A continuously reported business tradeline is one that is over 6 months old that has reported multiple payment experiences.

What Does the Term ‘Newly Reported Tradelines’ Mean?

A business tradeline is referred to as newly reported if it is up to 6 months old and has reported payment experiences.

What is an EIN?

EIN stands for Employer Identification Number. It is a nine-digit number assigned by the IRS, used to identify the tax accounts of employers and certain others with no employees. The IRS uses the number to identify taxpayers who are required to file various business tax returns. EINs are used by employers, sole proprietors, corporations, partnerships, nonprofit associations, trusts, estates of decedents, government agencies, certain individuals, and other business entities. Get your EIN for free directly from the IRS.

What are Hard Inquiries and Soft Personal Credit Inquiries?

A credit inquiry is when a lender pulls someone’s personal credit record. It creates a record in a credit report of each time the borrower, a lender or a potential lender gets a copy of a person’s credit report. Credit inquiries, especially multiple inquiries, may negatively impact credit scores. 

Hard Inquiries
In a hard inquiry (also called a hard pull), a potential lender checks a person’s credit report. An occasional hard inquiry will only have a small negative impact on a credit score. But hard inquiries stay on a credit report for two years. Several hard inquiries over a long period will hurt a personal credit score the most. This is because they are viewed with suspicion, as they could signal the borrower has fallen on hard times.

Soft Inquiries
A soft inquiry (or soft pull) is a credit report check that does not affect a borrower’s credit score. Soft inquiries come from eval uations not resulting in the granting of credit. For example, you can check your own credit as much as you like without it affecting your score. Another type of soft pull is periodic checks by existing creditors. It’s also a soft inquiry when credit information is pulled by insurance companies while deciding whether to offer insurance. That’s right: business credit and underwriting go together.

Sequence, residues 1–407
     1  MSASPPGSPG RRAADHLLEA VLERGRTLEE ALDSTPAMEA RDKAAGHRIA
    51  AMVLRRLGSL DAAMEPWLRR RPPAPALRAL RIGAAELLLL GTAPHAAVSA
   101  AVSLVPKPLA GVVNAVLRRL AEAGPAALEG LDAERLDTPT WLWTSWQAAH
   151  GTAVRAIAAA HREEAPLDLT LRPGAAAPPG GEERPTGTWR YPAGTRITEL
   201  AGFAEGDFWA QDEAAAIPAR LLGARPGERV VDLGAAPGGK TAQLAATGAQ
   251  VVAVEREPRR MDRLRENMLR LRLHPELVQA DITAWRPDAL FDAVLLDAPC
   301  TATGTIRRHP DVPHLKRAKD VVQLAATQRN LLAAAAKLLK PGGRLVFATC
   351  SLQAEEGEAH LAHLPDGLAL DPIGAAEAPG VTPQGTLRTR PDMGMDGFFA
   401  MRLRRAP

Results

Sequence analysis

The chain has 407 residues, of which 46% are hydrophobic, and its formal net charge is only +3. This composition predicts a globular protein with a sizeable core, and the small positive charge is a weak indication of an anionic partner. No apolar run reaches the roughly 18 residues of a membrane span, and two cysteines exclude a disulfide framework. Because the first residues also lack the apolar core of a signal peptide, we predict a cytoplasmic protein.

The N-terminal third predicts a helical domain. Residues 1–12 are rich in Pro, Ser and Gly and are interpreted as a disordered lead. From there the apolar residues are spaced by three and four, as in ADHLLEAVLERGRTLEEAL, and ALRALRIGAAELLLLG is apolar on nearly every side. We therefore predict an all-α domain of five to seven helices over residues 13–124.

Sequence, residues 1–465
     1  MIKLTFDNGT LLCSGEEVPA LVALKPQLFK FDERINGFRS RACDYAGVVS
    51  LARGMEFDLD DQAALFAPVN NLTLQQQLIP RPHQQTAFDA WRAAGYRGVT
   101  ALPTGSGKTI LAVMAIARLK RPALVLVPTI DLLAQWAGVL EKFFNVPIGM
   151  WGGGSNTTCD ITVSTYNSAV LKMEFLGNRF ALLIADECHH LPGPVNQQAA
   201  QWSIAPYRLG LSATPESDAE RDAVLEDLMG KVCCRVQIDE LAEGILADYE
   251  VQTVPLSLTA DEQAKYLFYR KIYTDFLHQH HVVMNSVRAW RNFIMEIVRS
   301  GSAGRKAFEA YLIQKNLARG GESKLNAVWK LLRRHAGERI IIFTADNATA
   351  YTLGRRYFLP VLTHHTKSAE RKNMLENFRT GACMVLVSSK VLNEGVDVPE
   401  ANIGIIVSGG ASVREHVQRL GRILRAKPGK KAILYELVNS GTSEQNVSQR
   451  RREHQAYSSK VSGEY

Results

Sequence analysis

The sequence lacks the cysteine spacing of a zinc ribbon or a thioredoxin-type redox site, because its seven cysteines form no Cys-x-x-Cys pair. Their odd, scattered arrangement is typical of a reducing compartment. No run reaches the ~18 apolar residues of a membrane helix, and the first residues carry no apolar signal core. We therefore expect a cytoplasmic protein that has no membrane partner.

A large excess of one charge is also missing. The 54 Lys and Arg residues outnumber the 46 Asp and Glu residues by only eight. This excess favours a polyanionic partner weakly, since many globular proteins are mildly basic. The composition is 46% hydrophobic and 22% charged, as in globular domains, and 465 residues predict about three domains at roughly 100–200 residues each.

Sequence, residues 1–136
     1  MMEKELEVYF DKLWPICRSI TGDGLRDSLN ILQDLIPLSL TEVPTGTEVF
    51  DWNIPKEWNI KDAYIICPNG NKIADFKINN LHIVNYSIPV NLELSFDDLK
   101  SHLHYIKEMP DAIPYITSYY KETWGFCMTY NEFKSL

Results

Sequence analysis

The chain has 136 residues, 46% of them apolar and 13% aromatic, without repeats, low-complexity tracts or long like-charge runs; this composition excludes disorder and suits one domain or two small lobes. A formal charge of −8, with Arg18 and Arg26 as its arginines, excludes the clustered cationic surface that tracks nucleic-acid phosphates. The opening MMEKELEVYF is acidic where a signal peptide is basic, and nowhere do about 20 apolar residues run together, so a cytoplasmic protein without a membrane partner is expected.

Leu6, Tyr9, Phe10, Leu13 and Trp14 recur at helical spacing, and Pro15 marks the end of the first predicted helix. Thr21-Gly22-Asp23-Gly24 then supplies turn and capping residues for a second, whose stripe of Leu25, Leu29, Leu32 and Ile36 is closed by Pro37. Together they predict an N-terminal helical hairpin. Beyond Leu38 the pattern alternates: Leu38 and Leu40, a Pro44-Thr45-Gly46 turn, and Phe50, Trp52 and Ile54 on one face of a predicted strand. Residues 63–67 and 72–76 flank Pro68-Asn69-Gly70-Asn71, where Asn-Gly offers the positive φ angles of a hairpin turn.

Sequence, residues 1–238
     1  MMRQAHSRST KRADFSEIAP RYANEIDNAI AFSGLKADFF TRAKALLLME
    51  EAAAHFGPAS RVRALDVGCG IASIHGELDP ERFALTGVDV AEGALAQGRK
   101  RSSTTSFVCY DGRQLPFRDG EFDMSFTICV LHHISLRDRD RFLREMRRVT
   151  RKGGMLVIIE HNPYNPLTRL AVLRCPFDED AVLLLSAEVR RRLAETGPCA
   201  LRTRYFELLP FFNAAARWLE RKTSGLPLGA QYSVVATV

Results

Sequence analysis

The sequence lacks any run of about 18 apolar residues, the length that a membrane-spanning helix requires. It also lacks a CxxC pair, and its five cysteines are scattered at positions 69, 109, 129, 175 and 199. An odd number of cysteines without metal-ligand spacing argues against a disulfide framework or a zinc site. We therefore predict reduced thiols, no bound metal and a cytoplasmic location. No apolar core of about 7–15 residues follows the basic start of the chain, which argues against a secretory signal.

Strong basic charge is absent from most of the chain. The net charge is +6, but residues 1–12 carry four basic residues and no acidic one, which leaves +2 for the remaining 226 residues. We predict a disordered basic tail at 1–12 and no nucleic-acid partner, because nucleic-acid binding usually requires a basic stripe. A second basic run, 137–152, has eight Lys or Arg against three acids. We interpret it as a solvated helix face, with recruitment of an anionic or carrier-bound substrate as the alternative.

Is There Such a Thing as a Business Credit Inquiry?

You may be wondering: do business credit inquiries hurt my credit?  Unlike with personal credit, anyone can pull your business credit reports. This does result in inquiries.

However, unlike with personal credit, business credit inquiries don't negatively affect your Fundability or business credit scores with each business credit bureau.

What are NAICS Codes and SIC Codes?

NAICS (North American Industry Classification System) codes classify businesses by industry. As an example, a dry cleaning business would come under 812320 Drycleaning and Laundry Services (except Coin-Operated).

The NAICS codes are the standard used by Federal statistical agencies in classifying business establishments for the purpose of collecting, analyzing, and publishing statistical data related to the U.S. business economy.

The IRS also uses NAICS codes. While reviewing your business tax returns, the IRS will compare yours with other businesses in your industry, to make sure that your claimed deductions are sufficiently similar to those of your industrial peers. 

Standard Industrial Classification (SIC) codes are four-digit numerical codes assigned by the U.S. government to business establishments to identify the primary business of the establishment.